By Sarah Wall
The holiday season is right around the corner, so it’s probably a good time to start thinking about your wallet. Between Thanksgiving and New Year’s Day, Americans typically spend more money than any other season. In 2020, with some businesses still shuttered and some Americans still un- or underemployed, some of us might be wondering: how much do I usually spend during the holidays, and how can I manage my finances this season?
To get started, take the quiz below! The answers may surprise you…
1. In total, how much did Americans spend on retail (including gifts, decorations, food, travel) during the holiday season of 2019?
A. $13.9 billion, B. $223.8 billion, C. $546.1 billion, D. $730.2 billion
2. On Super Saturday, the Saturday before Christmas, how much did Americans spend on retail?
A. $9.6 billion, B. $18.7 billion, C. $27.8 billion, D. $34.4 billion
3. How much do economists project the average US household will spend on food, shopping, and gifts during the 2020 holidays?
A. $443 per household, B. $887 per household, C. $1,387 per household, D. $2,464 per household
4. How much lower is that average 2020 holiday spending budget than 2019’s?
A. 2% lower, B. 7% lower, C. 10% lower, D. 13% lower
5. How many consumers say they plan to spend less than usual in the 2020 holidays?
A. 90%, B. 48%, C. 38%, D. 10%
[Source: Balancing Everything]
Ready for the answers?
In 2019, Americans forked over $730.2 billion (D) in holiday retail spending. On Super Saturday, when many shoppers try to grab last-minute deals right before Christmas, we spent a whopping $34.4 billion (D). If that sounds high to you, it is: Super Saturday 2019 smashed the record for the highest one-day spending in U.S. retail ever!
This year, economists predict that Americans will spend $1,387 per household (C) on holiday retail spending. That represents just a 7% decrease (B) in holiday spending compared to 2019, with 38% (C) of consumers reporting they plan to spend less than usual this year.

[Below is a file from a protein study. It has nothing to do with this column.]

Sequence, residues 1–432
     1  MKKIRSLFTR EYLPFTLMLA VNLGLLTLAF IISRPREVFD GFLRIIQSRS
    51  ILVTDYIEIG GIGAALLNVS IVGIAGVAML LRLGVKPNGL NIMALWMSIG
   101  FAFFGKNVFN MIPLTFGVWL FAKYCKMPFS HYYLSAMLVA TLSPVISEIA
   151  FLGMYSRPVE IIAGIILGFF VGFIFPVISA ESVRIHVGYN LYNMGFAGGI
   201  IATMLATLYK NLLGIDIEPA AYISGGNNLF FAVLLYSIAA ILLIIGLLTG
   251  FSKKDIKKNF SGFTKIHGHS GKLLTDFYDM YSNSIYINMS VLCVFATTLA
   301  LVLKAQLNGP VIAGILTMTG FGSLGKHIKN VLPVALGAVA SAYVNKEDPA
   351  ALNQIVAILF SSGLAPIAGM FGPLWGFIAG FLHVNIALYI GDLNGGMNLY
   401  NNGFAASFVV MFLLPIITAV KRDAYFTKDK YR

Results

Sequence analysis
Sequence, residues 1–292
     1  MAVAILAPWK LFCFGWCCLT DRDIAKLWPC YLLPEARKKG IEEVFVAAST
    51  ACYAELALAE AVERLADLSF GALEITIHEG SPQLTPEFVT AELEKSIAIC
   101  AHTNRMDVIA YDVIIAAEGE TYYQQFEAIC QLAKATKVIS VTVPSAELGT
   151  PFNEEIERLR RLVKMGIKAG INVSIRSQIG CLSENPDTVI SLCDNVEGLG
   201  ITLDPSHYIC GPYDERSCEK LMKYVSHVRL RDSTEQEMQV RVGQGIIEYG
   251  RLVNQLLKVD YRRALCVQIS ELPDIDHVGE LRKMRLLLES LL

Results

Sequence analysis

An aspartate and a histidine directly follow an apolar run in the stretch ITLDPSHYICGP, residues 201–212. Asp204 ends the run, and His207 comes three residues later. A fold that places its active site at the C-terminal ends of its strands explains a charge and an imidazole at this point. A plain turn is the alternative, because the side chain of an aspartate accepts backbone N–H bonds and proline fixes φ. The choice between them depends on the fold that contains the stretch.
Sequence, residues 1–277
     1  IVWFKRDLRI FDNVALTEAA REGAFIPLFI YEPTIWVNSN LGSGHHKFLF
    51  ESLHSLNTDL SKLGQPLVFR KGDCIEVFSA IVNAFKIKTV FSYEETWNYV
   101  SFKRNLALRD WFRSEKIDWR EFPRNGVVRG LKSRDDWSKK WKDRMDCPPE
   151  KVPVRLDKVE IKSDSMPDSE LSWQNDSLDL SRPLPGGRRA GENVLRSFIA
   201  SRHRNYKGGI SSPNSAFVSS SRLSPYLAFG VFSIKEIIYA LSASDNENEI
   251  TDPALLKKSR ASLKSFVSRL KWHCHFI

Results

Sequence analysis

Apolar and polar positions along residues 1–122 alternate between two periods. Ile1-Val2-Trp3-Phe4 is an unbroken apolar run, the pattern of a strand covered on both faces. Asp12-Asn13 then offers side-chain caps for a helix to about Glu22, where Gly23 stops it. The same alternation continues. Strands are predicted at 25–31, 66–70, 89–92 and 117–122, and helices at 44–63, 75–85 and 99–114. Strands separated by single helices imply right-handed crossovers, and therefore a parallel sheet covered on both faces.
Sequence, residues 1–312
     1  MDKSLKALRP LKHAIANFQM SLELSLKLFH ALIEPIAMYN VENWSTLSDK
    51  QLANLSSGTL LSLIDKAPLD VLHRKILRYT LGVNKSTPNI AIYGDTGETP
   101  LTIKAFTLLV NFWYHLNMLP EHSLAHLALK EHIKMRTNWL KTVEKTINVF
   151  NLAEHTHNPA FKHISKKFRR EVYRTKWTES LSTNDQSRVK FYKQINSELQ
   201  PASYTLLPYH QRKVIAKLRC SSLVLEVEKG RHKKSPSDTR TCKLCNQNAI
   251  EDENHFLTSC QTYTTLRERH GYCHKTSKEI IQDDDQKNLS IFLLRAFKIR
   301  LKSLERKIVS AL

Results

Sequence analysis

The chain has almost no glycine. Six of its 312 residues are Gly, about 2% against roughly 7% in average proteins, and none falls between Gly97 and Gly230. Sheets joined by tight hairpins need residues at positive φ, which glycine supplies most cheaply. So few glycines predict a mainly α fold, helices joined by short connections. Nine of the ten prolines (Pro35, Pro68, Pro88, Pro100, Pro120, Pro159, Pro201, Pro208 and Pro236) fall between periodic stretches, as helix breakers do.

That’s no surprise: not only are many of us still dealing with jobs lost or hours cut but also, there may be less travel or festivities due to coronavirus. But in their annual holiday spending forecast, Deloitte expects holiday sales to actually increase, so travel or festivity spending may just be reallocated to gift budgets – not actually saved.
So how can we follow through with our goals to spend a little less this year?
1. Set a budget – one that’s realistic for your current circumstances – and stick with it.
The best way to save is always to develop a plan – one that thoughtfully considers all the holiday expenses. Most of us will remember to include gifts, but what about decorations, food, Christmas cards, even stamps? Use your budget to create your shopping lists too — and stick to them!
2. Avoid last-minute shopping
Remember that the biggest spending day in 2019 (by a record-breaking amount!) was Super Saturday, the Saturday before Christmas. Don’t fall into the trap of panic buying in the eleventh hour. You’re more likely to pay attention to your budget and find the items you need in stock if you finish your shopping a week or so early.
3. Don’t overspend on credit cards
Holiday shoppers rack up more debt every year, with the average American landing in over $1,300 in credit card debt during the 2019 holidays alone. Consider paying cash whenever you can – it’s a good budgeting tool that keeps you from overspending. Only use credit cards if you can easily pay them off.
4. Remember what’s really important
The least expensive way to spend your holidays is also the most thoughtful: spend time with those you love. Catch up with an old friend over hot apple cider; paint sugar cookies with your kids; decorate the Christmas tree with memory-filled ornaments you’ve collected over the years.
When it comes to the holidays, the best way to manage your finances isn’t to scrape pennies and reallocate your budget. It’s to change your mindset, focusing first on family and friends (maybe food too!). If you give the most thought to those, the other F – finances – will fall into place.
Sarah Wall is the newest contributing writer for Smart Women Smart Money Magazine. For questions or comments email firstname.lastname@example.org.